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Economic Policy: OECD Approves Tax Reforms – Ireland Abandons Defense – Economy

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Members of the OECD, an organization of industrialized nations, have agreed that global corporate tax reform is a universal one. Photo: Britta Pedersen / dpa-Zentralbild / dpa Photo: dpa


Over the summer, the top economic powers agreed to a drastic reform of the international tax system. But not all members of the European Union were initially enthusiastic.

Dublin / Paris – A major obstacle to global corporate tax reform has been removed after Ireland, a formerly low-tax country, surrendered.

The Organization for Economic Co-operation and Development (OECD) technical negotiations ended after years of negotiations with the agreement at a meeting in Paris on Friday. Companies that are active internationally are required to pay at least 15 percent tax, regardless of their headquarters, as declared by the OECD. The regulation should come into effect from 2023. Of the 140 OECD members, only Kenya, Nigeria, Pakistan and Sri Lanka have not yet joined.

In July, G20 finance ministers decided on two innovations: internationally active companies should pay “at least” 15 per cent tax wherever they are. If a subsidiary of a company pays less tax abroad, the home country can collect the difference. This is to prevent profits from turning into tax havens. In addition, large companies should be taxed not only in their home country but also where they do good business. The OECD expects the minimum tax alone to generate $ 150 billion (approximately ബ 130 billion) in additional tax revenue worldwide.

Scholes: An important step towards a fair tax

“We have taken another important step towards a more fair tax,” said Federal Reserve Minister Olaf Scholes (SPD). “In particular, the recognition of the states of the European Union is a great achievement and will ensure that this reform can be implemented expeditiously throughout the European Union.” Ursula von Der Lane, President of the European Commission, spoke about a historic moment. “This is an important step towards improving our global tax system.”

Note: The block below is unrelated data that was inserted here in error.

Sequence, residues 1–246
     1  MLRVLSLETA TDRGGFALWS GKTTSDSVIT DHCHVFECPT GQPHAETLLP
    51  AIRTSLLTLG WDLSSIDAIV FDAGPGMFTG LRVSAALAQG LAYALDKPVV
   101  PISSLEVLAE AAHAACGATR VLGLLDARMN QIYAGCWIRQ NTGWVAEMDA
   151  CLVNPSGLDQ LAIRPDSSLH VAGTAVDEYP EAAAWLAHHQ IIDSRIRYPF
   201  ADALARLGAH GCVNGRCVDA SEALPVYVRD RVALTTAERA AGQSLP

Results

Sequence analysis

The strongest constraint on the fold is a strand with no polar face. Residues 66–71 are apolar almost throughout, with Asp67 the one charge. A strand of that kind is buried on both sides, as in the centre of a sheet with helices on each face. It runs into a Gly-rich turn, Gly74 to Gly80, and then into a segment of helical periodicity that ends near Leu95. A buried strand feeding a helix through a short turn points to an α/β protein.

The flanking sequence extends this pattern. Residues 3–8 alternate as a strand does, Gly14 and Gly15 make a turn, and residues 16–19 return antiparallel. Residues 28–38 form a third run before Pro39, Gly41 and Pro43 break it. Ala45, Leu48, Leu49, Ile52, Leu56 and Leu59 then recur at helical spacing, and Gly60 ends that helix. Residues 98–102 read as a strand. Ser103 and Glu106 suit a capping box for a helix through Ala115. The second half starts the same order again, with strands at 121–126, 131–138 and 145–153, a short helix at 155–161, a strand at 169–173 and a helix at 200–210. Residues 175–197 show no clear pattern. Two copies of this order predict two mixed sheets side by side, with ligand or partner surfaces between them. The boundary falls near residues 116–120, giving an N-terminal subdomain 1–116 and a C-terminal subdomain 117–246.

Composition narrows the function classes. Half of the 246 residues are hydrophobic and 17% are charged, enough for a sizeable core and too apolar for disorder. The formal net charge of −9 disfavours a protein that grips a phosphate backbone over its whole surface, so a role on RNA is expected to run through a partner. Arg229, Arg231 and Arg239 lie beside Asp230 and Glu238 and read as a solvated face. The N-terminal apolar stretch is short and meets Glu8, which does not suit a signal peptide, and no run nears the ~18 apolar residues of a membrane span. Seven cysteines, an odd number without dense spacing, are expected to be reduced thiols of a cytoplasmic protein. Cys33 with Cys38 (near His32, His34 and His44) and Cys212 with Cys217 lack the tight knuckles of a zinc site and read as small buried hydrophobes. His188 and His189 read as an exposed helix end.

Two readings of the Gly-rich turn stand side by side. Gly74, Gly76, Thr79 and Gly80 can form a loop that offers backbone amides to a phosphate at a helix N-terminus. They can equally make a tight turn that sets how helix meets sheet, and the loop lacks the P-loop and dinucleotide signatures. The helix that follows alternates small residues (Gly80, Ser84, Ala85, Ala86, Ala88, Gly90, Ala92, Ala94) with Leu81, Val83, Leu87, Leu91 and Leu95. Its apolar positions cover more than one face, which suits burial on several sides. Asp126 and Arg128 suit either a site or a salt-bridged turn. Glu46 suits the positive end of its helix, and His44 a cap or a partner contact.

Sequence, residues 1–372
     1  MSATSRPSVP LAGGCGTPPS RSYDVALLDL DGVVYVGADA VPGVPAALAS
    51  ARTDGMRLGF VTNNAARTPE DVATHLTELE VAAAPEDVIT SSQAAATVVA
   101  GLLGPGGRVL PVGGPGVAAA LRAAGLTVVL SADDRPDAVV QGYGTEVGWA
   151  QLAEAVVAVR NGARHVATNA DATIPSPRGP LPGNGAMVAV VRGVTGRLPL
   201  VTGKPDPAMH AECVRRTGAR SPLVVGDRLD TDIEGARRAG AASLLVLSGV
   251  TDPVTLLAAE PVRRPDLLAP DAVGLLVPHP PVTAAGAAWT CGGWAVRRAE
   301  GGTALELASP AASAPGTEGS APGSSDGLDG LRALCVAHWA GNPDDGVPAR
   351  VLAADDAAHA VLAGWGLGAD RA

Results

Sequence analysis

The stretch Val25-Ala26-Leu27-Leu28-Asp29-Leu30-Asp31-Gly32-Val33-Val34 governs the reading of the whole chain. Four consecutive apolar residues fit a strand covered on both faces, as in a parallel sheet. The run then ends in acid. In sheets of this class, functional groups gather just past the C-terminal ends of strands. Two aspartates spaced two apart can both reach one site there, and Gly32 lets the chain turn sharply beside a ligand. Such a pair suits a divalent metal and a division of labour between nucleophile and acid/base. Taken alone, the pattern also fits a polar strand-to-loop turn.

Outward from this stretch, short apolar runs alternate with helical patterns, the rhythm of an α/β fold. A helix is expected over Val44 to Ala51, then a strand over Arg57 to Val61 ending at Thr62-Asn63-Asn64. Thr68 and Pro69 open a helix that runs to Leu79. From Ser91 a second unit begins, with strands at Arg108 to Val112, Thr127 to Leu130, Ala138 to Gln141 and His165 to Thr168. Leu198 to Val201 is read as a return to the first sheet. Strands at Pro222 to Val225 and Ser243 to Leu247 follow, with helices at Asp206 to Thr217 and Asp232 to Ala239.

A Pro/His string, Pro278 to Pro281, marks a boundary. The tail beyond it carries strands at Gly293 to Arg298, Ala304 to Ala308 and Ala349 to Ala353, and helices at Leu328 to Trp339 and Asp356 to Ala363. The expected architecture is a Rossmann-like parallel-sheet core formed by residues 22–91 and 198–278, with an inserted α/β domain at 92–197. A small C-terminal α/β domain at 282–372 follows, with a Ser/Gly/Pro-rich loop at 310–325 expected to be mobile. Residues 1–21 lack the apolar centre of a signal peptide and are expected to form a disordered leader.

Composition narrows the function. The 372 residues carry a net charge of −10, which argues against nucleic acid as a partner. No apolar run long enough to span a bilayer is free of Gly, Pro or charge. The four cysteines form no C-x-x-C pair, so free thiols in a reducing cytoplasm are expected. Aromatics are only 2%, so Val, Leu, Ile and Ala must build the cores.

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U.S. Treasury Secretary Janet Yellen hailed the deal as a generational achievement of economic diplomacy. “We have turned the tense discussions into decades of increased prosperity – for the United States and the world,” Yellen said after a statement from her ministry. Your French colleague Bruno Le Meyer talked about an essential agreement for the economy of the countries. “This agreement paves the way for a tax revolution.”

Popular tax havens such as the Cayman Islands are now included in the agreement. So did Ireland, which succumbed to international pressure just before the OECD agreement. A cabinet meeting in Dublin on Thursday evening decided to raise the tax rate on companies with a turnover of more than 750 million euros from 12.5 per cent to 15 per cent. Large digital corporations are avoiding further disputes with their European headquarters in Ireland and the G20 group of top financial powers.

Donohue: “This is the right decision.”

Dublin’s commitment became OECD intermediaries. Irish Finance Minister Pascal Donohue said it was a far-reaching reform of the global tax framework. “It’s the right decision. It’s a sensitive and practical decision.” In the EU country, the change is affecting dozens of companies with millions of employees, and is expected to take effect in 2023. The government of Dublin estimates its losses due to tax increases of between 800 million and 2 billion euros per year. In addition to Ireland, Estonia and Hungary from the EU have so far opposed the reform.

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Estonia’s Prime Minister Kaja Kallas announced on Thursday evening that there would be a change in Estonia as well. “Every summer we have intense discussions to achieve a situation where this global tax does not affect the Estonian entrepreneurs as much as possible,” Callas said.

© dpa-infocom, dpa: 211008-99-531898 / 4

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